Summary: We can stand firm in the faith: Joyful and free from worry, with contentment in whatever state we are in, knowing our needs will be met, able to do all things through Christ who strengthens us.

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Standing Firm in the Faith


Reading: Philippians 1:21-28


In his letter to the Philippians, Paul expresses his desire that they “stand firm” in working together for the faith. Philippians 1:27 “Only conduct yourselves in a manner worthy of the gospel of Christ, so that whether I come and see you or remain absent, I will hear of you that you are standing firm in one spirit, with one mind striving together for the faith of the gospel.”

Standing firm translates the single Greek verb stēkō, which refers to steadfastly holding one’s ground regardless of danger or opposition. The word was used of a soldier who defended his position at all costs, even to the point of sacrificing their own life. Figuratively, it refers to holding fast to a belief, conviction, or principle without compromise, regardless of personal cost. Being firmly fixed in matters of biblical truth and holy living is included in this injunction.

Standing firm is both positive and negative. It is to stand for God and against Satan, to stand for truth and against falsehood, to stand for righteousness and against sin. Using an imperative form of the same verb, Paul makes a similar exhortation later in the letter:

Philippians 4:1 “Therefore, my beloved brethren whom I long to see, my joy and crown, in this way stand firm in the Lord, my beloved.

In the verses which follow, Paul provides the manner in which we may stand firm in the faith of the gospel.

I.Caring Support (4:1-2)

A.Standing firm includes support from within.

1.Little is known about Euodia and Syntyche, but we are told and can deduce some keys facts.

a.First, they were church members, not troublemakers from outside the congregation. Paul identifies them as fellow workers.

Second, their dispute was evidently not over a doctrinal issue. If it had been, Paul would have resolved it by siding with the one that was correct and rebuking the one who was in error.

b.Paul calls upon the church to support them in settling their dispute.

2.The fellowship and support of the body of Christ is an important factor in developing and maintaining spiritual stability.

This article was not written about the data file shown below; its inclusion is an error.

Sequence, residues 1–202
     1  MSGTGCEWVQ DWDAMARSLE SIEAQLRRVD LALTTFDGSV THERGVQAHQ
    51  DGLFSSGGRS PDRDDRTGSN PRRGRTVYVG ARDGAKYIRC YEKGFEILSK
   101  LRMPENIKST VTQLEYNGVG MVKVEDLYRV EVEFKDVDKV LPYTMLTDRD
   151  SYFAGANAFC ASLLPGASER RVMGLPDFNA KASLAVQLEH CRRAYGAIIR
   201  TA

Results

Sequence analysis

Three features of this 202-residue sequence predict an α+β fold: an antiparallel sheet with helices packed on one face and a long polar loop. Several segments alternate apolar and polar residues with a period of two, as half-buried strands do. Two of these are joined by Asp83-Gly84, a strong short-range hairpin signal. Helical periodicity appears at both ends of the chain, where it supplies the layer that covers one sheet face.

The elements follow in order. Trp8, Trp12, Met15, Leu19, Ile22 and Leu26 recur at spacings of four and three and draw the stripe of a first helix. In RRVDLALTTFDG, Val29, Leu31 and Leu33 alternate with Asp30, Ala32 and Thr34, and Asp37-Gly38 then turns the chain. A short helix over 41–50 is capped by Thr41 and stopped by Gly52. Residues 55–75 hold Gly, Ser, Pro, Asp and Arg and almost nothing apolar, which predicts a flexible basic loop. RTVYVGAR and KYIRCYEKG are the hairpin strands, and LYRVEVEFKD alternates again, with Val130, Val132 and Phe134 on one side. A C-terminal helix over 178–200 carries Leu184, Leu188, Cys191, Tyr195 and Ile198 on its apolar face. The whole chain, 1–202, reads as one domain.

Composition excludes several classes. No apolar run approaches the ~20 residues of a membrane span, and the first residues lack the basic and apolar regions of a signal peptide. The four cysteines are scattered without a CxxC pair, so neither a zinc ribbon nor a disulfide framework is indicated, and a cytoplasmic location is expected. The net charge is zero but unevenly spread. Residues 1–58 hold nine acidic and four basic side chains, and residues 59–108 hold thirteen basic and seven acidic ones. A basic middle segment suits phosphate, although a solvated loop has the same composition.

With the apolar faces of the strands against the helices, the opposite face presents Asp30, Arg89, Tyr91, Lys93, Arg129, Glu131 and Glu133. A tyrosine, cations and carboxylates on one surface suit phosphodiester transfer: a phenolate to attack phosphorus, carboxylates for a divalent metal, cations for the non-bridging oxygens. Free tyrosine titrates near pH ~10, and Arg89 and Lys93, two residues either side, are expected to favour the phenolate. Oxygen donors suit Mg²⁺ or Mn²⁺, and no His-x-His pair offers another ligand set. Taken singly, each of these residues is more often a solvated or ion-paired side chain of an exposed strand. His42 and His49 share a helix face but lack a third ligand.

a.The general strength of the fellowship becomes the strength of each individual. The more isolated a believer is from other Christians, the more spiritually unstable they are likely to be.

The church should be a place where people support each other, hold each other accountable, and care for each other.

It should be a communion of life in which believers restore those who have fallen into sin (Galatians 6:1) and bear each other’s burdens (v. 2). The church is to “admonish the unruly, encourage the fainthearted, help the weak, be patient with everyone” (1 Thessalonians 5:14).

[The loving support of our Christian family provides a strong foundation for our striving to stand firm. Paul next adds to this outer support an inner requirement to standing firm in the faith…]

II.Constant Rejoicing (4:3-5)

A.Joy is such a vitally important factor in believers’ spiritual stability that Paul repeats his command for emphasis: “again I will say, rejoice!”

1.This repetition presupposes the reality that it was not easy to be joyful. The Philippians faced the same challenges to their faith as we do today, persecutions without, divisions within but Paul challenges all to rise above their circumstances and rejoice!

It is true that believers often cannot find reason to rejoice in their specific circumstances. Certainly the general wickedness, sorrow, misery, and death in the world evoke no joy. Nor are people a reliable source of joy, since they can change, hurt, and disappoint. The only sure, reliable, unwavering, unchanging source of joy is God. That is why Paul commands believers to rejoice in the Lord (Philippians 3:1.)

Don’t presume that Paul’s command to rejoice is intended to produce mere emotional joy. The joy we are to experience is not merely a feeling; it is the deep-down confidence that God is in control of everything for our own good and His own glory, and knowing all is well no matter what the circumstances.

B.Knowledge of God is the key to rejoicing.

1.Those who know the great truths about God find it easy to rejoice; those with little knowledge of Him find it difficult to rejoice.

a.God gave the Psalms to Israel in poetic form so they could be easily memorized and set to music. The first three verses of the book of Psalms promise blessings to those who meditate on Scripture:

Psalm 1:1–3 “How blessed is the man who does not walk in the counsel of the wicked, nor stand in the path of sinners, nor sit in the seat of scoffers! But his delight is in the law of the Lord, and in His law he meditates day and night. He will be like a tree firmly planted by streams of water, which yields its fruit in its season and its leaf does not wither; and in whatever he does, he prospers.”

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